מאימתי מחייבין עליהן משיראו פני הבית כמאן כי האי תנא דתניא רבי אליעזר אומר בכורים מקצתן בחוץ ומקצתן בפנים שבחוץ הרי הן כחולין לכל דבריהם שבפנים הרי הן כהקדש לכל דבריהם
from when is a non-priest who eats first fruits liable to receive death at the hand of Heaven for their consumption? One is liable from when the fruits will enter inside the Temple. The Gemara notes: In accordance with whose opinion is this halakha stated? It is in accordance with the opinion of this tanna, as it is taught in a baraita that Rabbi Eliezer says: With regard to first fruits, some of which are outside and some of which are inside the Temple, the halakhic status of those that are outside the Temple is like that of non-sacred produce for all matters concerning them, and the halakhic status of those that are inside the Temple is like that of consecrated produce for all matters concerning them.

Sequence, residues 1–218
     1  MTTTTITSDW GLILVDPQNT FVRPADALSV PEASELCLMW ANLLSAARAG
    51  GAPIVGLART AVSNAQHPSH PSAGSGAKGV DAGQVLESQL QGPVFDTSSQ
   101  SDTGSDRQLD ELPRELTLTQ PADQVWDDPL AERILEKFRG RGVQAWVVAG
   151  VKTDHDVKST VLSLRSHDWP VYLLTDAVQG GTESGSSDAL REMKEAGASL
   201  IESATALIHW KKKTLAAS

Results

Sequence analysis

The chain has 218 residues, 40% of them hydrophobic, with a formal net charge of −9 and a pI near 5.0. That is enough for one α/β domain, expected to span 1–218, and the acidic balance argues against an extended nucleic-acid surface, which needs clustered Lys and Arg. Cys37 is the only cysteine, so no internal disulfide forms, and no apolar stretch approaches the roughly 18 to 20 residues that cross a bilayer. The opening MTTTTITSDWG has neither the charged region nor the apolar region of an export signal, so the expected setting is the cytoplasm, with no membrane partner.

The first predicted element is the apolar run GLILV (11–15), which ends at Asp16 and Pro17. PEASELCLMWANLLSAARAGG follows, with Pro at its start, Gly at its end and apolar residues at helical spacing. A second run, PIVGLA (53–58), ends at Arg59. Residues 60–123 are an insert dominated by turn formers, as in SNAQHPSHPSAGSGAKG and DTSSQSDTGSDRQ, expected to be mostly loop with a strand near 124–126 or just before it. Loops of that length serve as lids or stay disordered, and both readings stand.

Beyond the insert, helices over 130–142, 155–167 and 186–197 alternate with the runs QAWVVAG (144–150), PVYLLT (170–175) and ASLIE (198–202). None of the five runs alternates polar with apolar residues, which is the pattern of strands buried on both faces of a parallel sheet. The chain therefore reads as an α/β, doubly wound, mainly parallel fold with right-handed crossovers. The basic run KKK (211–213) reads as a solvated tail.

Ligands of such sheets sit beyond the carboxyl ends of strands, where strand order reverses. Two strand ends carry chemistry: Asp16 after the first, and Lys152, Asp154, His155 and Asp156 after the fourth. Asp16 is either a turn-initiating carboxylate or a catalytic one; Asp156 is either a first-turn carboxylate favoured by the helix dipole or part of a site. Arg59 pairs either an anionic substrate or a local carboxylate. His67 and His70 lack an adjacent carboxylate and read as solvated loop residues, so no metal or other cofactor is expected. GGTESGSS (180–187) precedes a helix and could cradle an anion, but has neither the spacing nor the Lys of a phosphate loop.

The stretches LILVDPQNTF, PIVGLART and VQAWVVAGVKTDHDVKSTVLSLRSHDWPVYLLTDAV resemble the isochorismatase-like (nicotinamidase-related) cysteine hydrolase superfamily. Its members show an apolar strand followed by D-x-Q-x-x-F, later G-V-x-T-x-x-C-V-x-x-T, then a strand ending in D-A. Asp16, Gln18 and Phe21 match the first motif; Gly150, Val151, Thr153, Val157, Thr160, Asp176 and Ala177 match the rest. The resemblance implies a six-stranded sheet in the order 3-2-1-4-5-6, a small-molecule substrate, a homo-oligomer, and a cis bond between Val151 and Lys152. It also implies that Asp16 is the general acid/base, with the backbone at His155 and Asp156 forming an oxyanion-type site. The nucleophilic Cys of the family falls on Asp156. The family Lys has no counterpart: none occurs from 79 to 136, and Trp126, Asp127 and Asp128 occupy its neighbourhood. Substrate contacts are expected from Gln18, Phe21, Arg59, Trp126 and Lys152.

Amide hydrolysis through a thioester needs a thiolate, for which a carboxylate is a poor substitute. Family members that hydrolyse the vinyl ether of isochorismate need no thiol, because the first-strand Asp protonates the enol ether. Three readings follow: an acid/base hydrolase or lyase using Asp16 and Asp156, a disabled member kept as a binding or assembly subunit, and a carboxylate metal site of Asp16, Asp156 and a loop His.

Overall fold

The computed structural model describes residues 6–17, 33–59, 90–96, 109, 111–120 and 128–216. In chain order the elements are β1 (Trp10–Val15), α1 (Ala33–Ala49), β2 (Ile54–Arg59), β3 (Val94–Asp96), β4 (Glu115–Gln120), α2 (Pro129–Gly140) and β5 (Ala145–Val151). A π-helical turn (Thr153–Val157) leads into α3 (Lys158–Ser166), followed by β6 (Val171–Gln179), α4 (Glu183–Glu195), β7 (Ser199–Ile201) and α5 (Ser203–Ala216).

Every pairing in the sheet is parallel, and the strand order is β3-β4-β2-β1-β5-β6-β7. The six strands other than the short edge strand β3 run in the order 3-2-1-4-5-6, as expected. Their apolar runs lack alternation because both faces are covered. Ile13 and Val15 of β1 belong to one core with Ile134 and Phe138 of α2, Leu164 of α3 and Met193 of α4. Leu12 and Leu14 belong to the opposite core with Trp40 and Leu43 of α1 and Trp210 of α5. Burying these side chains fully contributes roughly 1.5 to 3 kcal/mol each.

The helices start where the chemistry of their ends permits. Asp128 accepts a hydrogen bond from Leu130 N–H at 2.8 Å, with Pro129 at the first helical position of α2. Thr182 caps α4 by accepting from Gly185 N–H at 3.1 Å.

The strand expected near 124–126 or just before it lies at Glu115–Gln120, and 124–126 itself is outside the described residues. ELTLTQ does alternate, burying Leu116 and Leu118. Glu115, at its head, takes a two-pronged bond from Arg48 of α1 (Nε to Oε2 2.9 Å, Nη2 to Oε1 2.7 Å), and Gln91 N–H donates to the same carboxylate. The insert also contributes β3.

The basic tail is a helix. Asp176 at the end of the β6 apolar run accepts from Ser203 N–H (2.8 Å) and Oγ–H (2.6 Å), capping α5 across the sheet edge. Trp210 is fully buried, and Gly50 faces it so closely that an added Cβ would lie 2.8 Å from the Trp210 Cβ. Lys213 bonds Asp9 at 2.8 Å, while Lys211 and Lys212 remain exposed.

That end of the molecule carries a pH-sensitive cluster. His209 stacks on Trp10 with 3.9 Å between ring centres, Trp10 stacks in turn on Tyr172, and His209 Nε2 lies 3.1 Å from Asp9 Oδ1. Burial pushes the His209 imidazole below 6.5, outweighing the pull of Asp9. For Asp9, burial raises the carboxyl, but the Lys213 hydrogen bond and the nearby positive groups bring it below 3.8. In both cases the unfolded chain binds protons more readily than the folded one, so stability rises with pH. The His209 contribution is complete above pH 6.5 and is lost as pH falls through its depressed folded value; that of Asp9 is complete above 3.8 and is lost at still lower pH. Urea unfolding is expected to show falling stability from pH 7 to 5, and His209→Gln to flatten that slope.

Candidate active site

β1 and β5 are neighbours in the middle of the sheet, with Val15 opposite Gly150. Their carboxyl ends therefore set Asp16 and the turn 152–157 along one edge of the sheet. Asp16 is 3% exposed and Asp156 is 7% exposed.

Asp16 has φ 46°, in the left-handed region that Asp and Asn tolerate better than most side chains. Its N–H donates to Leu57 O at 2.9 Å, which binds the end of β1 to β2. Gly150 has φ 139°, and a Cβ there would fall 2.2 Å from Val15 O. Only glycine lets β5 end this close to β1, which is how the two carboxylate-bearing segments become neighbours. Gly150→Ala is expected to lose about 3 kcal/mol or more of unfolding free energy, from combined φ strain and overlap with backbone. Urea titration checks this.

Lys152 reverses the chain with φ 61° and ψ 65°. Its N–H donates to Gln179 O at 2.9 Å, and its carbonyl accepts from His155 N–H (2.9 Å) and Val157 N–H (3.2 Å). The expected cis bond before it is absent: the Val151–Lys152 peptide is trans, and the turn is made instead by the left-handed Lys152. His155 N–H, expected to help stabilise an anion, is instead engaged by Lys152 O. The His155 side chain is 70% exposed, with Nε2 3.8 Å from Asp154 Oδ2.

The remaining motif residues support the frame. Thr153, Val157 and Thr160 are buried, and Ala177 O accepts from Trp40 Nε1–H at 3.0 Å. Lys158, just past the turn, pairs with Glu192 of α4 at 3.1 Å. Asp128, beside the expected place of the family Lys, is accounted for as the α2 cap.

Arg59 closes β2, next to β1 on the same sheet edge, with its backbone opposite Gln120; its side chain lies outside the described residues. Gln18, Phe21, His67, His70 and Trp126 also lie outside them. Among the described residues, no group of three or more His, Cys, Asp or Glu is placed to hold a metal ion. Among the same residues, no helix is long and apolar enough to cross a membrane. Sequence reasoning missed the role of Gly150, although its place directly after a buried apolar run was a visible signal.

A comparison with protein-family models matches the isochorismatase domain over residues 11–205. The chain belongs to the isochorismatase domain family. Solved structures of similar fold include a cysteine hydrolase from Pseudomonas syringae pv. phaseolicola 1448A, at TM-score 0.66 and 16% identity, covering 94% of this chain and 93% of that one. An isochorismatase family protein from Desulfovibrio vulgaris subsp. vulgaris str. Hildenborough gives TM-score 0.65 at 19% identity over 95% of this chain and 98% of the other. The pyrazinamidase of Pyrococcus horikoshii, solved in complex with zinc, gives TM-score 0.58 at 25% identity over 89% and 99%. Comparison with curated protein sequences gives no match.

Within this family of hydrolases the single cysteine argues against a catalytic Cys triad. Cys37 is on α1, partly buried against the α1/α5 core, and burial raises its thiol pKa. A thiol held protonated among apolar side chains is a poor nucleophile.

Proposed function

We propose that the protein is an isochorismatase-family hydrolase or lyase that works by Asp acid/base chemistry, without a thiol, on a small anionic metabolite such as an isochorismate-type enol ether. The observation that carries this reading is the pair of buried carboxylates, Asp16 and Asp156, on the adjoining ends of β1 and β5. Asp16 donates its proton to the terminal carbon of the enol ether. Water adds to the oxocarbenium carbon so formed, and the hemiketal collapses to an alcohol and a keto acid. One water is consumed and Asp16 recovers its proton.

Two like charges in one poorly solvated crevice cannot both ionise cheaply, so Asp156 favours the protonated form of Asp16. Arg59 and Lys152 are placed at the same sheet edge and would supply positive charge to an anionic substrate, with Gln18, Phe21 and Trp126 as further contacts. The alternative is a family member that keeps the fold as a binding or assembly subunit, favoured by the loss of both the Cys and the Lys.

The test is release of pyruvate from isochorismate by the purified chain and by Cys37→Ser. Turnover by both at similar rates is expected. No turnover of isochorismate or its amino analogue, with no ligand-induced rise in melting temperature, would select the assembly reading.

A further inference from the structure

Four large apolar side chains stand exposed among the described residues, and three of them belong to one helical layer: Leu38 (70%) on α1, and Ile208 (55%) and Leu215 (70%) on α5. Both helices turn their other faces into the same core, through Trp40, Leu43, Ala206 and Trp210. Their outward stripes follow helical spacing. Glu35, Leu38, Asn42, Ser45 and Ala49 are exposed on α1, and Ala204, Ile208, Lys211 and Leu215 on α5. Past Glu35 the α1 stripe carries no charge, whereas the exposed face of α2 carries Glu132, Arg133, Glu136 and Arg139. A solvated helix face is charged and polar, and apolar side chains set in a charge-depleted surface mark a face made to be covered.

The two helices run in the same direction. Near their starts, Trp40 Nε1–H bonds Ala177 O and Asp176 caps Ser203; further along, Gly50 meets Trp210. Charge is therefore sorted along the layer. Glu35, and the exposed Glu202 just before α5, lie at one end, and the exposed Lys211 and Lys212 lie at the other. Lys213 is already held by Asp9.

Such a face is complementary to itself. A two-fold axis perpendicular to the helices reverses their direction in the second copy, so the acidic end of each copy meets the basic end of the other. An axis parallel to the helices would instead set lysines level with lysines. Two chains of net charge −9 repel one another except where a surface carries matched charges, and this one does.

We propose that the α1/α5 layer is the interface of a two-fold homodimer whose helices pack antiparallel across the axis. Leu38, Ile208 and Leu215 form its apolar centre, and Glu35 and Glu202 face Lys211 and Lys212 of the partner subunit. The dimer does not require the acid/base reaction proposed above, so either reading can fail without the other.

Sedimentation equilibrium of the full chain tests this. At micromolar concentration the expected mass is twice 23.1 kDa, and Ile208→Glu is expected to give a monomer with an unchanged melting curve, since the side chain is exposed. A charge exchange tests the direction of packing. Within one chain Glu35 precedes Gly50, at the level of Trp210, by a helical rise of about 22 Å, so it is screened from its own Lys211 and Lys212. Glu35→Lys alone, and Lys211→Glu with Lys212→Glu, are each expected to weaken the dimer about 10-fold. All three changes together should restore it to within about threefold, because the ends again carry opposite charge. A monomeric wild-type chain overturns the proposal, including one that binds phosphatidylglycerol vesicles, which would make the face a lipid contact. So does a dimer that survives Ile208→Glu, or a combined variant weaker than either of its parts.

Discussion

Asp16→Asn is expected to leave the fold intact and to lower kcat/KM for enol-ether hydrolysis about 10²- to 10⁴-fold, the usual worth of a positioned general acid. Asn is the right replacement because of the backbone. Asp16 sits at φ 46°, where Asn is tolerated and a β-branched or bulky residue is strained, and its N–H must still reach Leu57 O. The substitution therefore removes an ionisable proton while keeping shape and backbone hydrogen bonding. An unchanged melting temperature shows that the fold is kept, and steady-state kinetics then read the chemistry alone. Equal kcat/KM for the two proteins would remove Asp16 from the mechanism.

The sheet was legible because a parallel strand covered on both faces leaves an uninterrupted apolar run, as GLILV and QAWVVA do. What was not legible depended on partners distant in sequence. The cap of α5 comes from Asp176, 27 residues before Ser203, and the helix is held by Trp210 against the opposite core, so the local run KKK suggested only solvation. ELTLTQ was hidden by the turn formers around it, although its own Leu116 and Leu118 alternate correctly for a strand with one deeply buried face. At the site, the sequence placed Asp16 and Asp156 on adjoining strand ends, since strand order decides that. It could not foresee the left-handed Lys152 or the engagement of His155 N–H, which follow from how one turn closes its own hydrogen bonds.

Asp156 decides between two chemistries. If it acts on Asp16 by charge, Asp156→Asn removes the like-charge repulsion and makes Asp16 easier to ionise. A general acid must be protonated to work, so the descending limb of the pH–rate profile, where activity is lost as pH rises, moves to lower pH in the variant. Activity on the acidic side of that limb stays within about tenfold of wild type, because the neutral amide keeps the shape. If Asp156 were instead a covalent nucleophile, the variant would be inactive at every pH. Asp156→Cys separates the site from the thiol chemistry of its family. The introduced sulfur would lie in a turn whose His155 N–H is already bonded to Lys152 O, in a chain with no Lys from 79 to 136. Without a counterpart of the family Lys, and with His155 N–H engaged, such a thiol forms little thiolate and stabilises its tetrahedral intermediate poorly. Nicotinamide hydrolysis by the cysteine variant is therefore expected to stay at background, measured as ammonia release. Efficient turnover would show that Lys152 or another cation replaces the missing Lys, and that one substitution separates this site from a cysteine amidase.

אמר רב ששת בכורים הנחה מעכבת בהן קרייה אין מעכבת בהן
§ Rav Sheshet says: With regard to first fruits, the lack of placement alongside the altar invalidates them; while the lack of recitation of the accompanying Torah verses does not invalidate them.
כמאן כי האי תנא דתניא רבי יוסי אומר שלשה דברים משום שלשה זקנים רבי ישמעאל אומר יכול יעלה אדם מעשר שני בזמן הזה בירושלים ויאכלנו ודין הוא בכור טעון הבאת מקום ומעשר שני טעון הבאת מקום מה בכור אינו אלא בפני הבית אף מעשר אינו אלא בפני הבית